On the first day of the year I tend to feel relatively reflective. Especially this year with the nature of 2020. I think the challenges we’ve all been walking can cause us to dread the future, or long for it.
But I’ve found for myself that the simple joy of living comes from two places. Number one, my comfort rests in my salvation in Jesus Christ:
“Now may the God of hope fill you with all joy and peace in believing, that you may abound in hope by the power of the Holy Spirit.”
Romans 15:13 NKJV
Second, my joy comes in remembering the blessings and the great stories from my family and my life - memories from yesterday, and memories from the distant past. I think of wrestling in the living room with my brother. I think of the family Christmas traditions and Thanksgivings where we ate way too much pie and played Monopoly well into the early morning hours. I think about the people I love who are no longer with us on earth.
I remember the trips we took and fish we caught and the hikes we went on. And I treasure the steady rhythm of the year marked with specific seasons: Winter Christmas tree hunting, Spring livestock being born, Summer camping trips, and Fall hunts. It puts a smile on my face just thinking of it! And 2020 had many of those things even in the midst of all the weird stuff that took place.
Sometimes we have to look backward in gratitude before we can look forward in anticipation and expectation.
The past several weeks I have been working on a piece of artwork that means a lot to me personally. You know I love to draw wildlife and my favorite animal is the Mule Deer. I’ve drawn many of them including the famous Buck Norris. But my love of mule deer started when I was three years old.
The year was 1986 and I went with my dad to see my grandparents while he tried to fill his fall buck tag. I had asked dad as we headed out, “what do you call a great big buck?” He was preparing to hike the same hills he did as a kid. He thought about my question for a minute. “He’s called a Granddaddy Grandpa buck”, he said, trying to come up with something reasonable to tell a small boy.
While dad and grandpa were out, my grandma told me if grandpa and daddy pulled the truck in to the field and drove up to the apple tree in the back by the barn, they had a buck to skin. She had me convinced they would be successful and I watched out the window all day. Sure enough, mid afternoon they pulled in to the field and drove slowly up to the apple tree. My little legs ran to them as fast as they could go and I arrived just in time for them to lower the tailgate. My eyes grew wide as I saw the largest rack of antlers I had ever seen. “Dad, is that a granddaddy grandpa buck?” I asked in wonder.
“Yes he is”, dad said with a knowing grin.
All growing up, my brother and I called this deer “Sam the buck”. I don’t know where the name came from or why we called him that. That was just his name. He was the buck of a lifetime and to this day my dad, brother and I stand in my dad’s trophy room from time to time with our arms crossed, staring up at that giant deer that scored over 200 inches, and tell the story again and again.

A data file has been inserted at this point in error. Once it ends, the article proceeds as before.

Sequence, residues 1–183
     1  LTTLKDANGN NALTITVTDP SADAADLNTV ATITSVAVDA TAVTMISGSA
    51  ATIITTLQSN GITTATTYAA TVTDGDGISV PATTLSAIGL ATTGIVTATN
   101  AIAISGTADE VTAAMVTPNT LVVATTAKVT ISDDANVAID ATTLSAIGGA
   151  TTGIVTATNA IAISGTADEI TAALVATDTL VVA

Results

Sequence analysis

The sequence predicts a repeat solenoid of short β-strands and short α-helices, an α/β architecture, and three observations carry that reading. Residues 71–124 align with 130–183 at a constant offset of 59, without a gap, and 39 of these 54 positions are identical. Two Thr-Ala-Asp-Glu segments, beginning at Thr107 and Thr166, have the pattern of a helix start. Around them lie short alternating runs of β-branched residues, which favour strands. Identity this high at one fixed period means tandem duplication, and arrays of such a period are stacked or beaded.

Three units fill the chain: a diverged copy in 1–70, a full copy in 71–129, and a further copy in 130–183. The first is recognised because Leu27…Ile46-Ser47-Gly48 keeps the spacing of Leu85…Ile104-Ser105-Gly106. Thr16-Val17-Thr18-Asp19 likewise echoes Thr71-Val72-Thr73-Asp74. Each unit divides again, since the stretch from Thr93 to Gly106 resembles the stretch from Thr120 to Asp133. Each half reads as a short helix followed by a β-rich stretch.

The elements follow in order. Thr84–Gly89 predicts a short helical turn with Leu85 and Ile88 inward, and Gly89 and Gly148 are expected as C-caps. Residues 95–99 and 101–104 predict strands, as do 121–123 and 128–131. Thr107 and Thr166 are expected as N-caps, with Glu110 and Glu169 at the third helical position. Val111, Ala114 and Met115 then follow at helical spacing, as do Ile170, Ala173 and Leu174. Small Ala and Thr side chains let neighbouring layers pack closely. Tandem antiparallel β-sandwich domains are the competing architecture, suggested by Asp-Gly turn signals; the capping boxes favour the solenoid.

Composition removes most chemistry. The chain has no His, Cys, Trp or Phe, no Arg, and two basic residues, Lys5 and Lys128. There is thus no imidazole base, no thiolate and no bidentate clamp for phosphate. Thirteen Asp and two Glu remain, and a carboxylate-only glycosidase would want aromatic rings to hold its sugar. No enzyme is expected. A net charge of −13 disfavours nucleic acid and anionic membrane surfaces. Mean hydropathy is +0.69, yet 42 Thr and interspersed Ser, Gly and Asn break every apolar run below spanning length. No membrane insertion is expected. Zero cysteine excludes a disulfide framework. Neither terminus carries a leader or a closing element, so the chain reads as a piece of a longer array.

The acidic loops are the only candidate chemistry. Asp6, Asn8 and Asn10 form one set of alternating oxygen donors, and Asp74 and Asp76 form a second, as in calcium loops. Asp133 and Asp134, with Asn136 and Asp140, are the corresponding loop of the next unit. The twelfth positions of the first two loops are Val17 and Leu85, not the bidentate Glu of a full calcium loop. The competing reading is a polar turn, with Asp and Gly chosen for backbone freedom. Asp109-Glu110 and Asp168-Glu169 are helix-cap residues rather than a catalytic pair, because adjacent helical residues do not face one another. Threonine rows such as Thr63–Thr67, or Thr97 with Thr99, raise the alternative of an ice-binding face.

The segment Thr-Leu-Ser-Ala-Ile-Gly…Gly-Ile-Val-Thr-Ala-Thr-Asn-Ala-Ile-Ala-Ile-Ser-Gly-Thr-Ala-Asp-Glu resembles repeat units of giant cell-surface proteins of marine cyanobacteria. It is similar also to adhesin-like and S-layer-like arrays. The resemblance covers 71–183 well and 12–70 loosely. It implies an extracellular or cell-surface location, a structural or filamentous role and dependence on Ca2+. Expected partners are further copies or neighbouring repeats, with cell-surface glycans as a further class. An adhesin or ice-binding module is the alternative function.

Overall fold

He is an Oregon Treasure. And bucks like this are one of Oregon’s best kept secret. I‘ve decided not to let anyone tell me there’s not big bucks in Oregon! We just have to work hard to find them.
So it’s stories like this that ground me in gratitude. They remind me there are always good times to come. Your today will become your memory tomorrow. Will it be a memory you can smile at?
Sometimes we go through things that we can’t smile about. But it is certain that God never wastes anything. He will bring beauty from ashes. If you’re going through something difficult, know you can turn to Him, count every blessing, and receive your hope back. Receive Jesus - He’s waiting. You will have struggles in life, but this life is temporary. We can look backward and see His faithfulness. And we can look forward in hope. We have eternity to look forward to.
So why does a wildlife artist share this with you? Because art has a way of sealing those memories and centering us back to our foundation. I know this drawing is 34 years of memories in the making - one giant buck, a sunlit fall afternoon, grandparents who are in heaven now, and a dad who’s eyes still sparkle when we tell the story of the wonder on a little boy’s face when he glimpsed the giant buck of a lifetime. So here is my attempt at commemorating a story that makes me smile and reminds me that life is good and it’s a gift in every way. This is my brand new drawing, “Oregon Treasure”:
This is why I love to hang artwork on the wall. I hope my memories and passion can help you capture the same feeling and look up in expectation instead of head hung down in despair. One thing is for certain - peace is still available. It is found in the person of Jesus. And it is found in the untouched beauty of the wild that He has created for us to enjoy.
Much love and hope to you in 2021! It is an honor to have you as a part of my extended family. And if there’s any way I can serve you with a wildlife scene that can help center you to the goodness that is still all around, please let me know. It would be an honor to connect with you!
Happy New Year!